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Fine Grain Practice

Fine Grain Practice

Fine Grain Practice

Hello All

This is in connection with Carbon steel plates.

Some specification calls for fine grain steel and specify that the grain size is to be checked as per E 112.

Now the question is

1)Is it OK to take  a sample of plate and conduct MICRO Examination and determine the grain size and conclude that the plate is fine grain plate


Is it necessary to carburize the coupon (McQuaid Ehn Test)and then check the austenitic grain size and then conclude that the plate is fine grain

2) Is it possible to take a fine grain (Fine grain Melting Practice material) to be subsequently heat treated  and get a corse grain (By annealing). That is Austenitic Grain Size is Fine Grain (By Fine Grain Melting Practice) and have a ferritic coarse size by Annealing?

RE: Fine Grain Practice

Answer to Question 1).
If the carbon steel plates are supplied under an ASTM/ASME specification, refer to ASTM/ASME A-20/SA-20, which is a Specification for General Requirements for Steel Plates for Pressure Vessels.

Under Metallurgical Structure in Specification ASME SA-20;

8.2 Fine Austenitic Grain Size;
If Al is used to provide for grain refinement, no further testing is required PROVIDED the product heat analysis contains at least 0.020% total Al or 0.015% acid soluble aluminum.

If Al was not used for grain refinement, the steel shall have a carburized grain size of 5 or higher (finer) as determined by the McQuain-Ehn test in accordance with Methods ASTM E112 Plate IV. One test per heat.

Answer to 2). It depends on the type of carbon steel plate. If carbon steel plates are supplied as fine grained with aluminum as the grain refiner, you will not develop coarse grains. Aluminum used for grain refinement forms oxides and nitrides that inhibit grain growth during processing.

RE: Fine Grain Practice

One thing to keep in mind is the difference between austenitic or prior austenite grain size and ferritic grain size.

RE: Fine Grain Practice

So if the coupon is carburized as specified in SA 20, under micro examination what grain do we observe. Is it Austenitic impression or is it ferritic grain?

RE: Fine Grain Practice

It is the prior austenitic grain size that you will be evaluating.

RE: Fine Grain Practice

In answering your question No. 2, ferrite grain coarsening will occur with subsequent annealing or heating slightly below the upper critical temperature. One would have to hold at temperature for a long, long time to coarsen the grain to that af a "Coarse Grain Structure" though. I have typically seen only a coarsening of about one size during annealing.  While greater coarsening was seen when fine grain melting was done through additions of niobium or vanadium, coarsening was also observed in steels that were fine grain melted with aluminum.   

RE: Fine Grain Practice

Stanweld mentions an interesting point. The data that I have from "Physical Metallurgy Handbook" by Sinha shows a step change in grain coarsening at a minimum temperature of 1925 deg F for carbon steel treated with aluminum. This is well above normal process temperatures. Keep in mind that carbon steels using aluminum for fine grain practice have been reported to show an increase in susceptibility to graphitization upon long term exposure to elevated temperature service.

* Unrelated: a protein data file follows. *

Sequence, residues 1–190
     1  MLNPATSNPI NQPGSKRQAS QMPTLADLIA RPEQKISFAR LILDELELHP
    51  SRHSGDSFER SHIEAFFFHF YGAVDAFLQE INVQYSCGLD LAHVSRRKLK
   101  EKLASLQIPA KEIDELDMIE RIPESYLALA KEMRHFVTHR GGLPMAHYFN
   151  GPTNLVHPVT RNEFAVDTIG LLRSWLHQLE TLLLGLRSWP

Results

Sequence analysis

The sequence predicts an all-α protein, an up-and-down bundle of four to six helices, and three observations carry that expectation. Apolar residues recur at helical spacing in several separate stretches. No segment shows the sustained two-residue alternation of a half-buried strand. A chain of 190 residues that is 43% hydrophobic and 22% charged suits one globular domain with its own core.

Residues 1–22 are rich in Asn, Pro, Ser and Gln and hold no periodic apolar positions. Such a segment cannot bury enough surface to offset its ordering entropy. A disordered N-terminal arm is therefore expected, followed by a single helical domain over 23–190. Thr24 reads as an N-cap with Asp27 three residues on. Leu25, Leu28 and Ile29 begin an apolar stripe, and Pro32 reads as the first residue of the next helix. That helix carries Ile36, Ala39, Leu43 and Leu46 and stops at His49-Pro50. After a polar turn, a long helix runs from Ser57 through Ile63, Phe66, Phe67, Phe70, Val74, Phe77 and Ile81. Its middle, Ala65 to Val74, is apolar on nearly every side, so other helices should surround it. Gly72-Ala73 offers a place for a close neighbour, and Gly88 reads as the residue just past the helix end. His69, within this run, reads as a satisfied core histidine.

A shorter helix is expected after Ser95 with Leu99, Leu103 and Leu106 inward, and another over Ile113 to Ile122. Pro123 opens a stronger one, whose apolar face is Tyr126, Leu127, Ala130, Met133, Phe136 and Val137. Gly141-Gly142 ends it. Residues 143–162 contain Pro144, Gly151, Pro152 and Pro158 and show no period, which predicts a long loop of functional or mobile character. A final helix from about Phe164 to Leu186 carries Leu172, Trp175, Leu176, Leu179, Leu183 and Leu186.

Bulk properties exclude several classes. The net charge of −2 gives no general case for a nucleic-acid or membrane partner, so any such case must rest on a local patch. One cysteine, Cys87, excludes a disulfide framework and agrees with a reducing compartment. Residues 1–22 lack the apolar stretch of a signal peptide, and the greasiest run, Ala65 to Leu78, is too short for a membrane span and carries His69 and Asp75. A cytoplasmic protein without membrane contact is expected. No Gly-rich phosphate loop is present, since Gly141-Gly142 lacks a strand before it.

RE: Fine Grain Practice

Thanks a lot for the inputs.

Now from the point of view of acceptance or rejection of the material

1) The material ordered is SA 516 Gr 60. Thickness 50mm (Normalized). Certificate shows Normalised but does not indicate any thing about melting practice and grain size.

2) Is it mandatory for the certificate to show that the material has under gone fine grain practice melting or should it show the grain size. Does it not automatically implied that the material has under gone fine grain practice melting process by the virtue of the material being SA 516?

3) Follow up question, Let us say the melting practice is not known, by normalizing does it automatically imply that the material is fine grain now.

4) Does the ferritic grain (Simply seeing under microscope with out carburizing) any indicator of the required Austenitic fine grain. That is if the plate is normalized and then i evaluate the grain size (With out carburizing, when we see Ferritic grain), does it meet the intent of the requirement of fine grain practice of the code. After all we are interested in the properties of the material which we are using and not about the Austenitic history?

RE: Fine Grain Practice

Your first statement is key regarding acceptance or rejection. Please note SA-516 states and I quote;

"The steel shall be killed and shall conform to the fine grain practice of SA-20"

If you are questioning the source of the steel plates this is a different matter, and concerns traceability and nonconformance. If you had ordered the plates direct then they should have been ordered with a Material Test Report in accordance with requirement 3) in SA-516 and the requirements in SA-20 on the original PO.

I suspect what you have is a certificate of conformance??? If you have this, you should be able to go back and obtain a Material Test Report from the mill, this will answer your questions.

RE: Fine Grain Practice

Follow-up to answers for Question 3 and 4;

3). No. Normalizing is a heat treatment process and does not equate with fine grain practice. Fine grain practice begins with deliberate alloy additions during steel making.

4). No.

Please note, if you intend to use these plates in a pressure vessel, you need to go back to the original code of construction (ASME or other) to re-certify the plates. See ASME B&PV Code, Section VIII, Div 1, Part UG.

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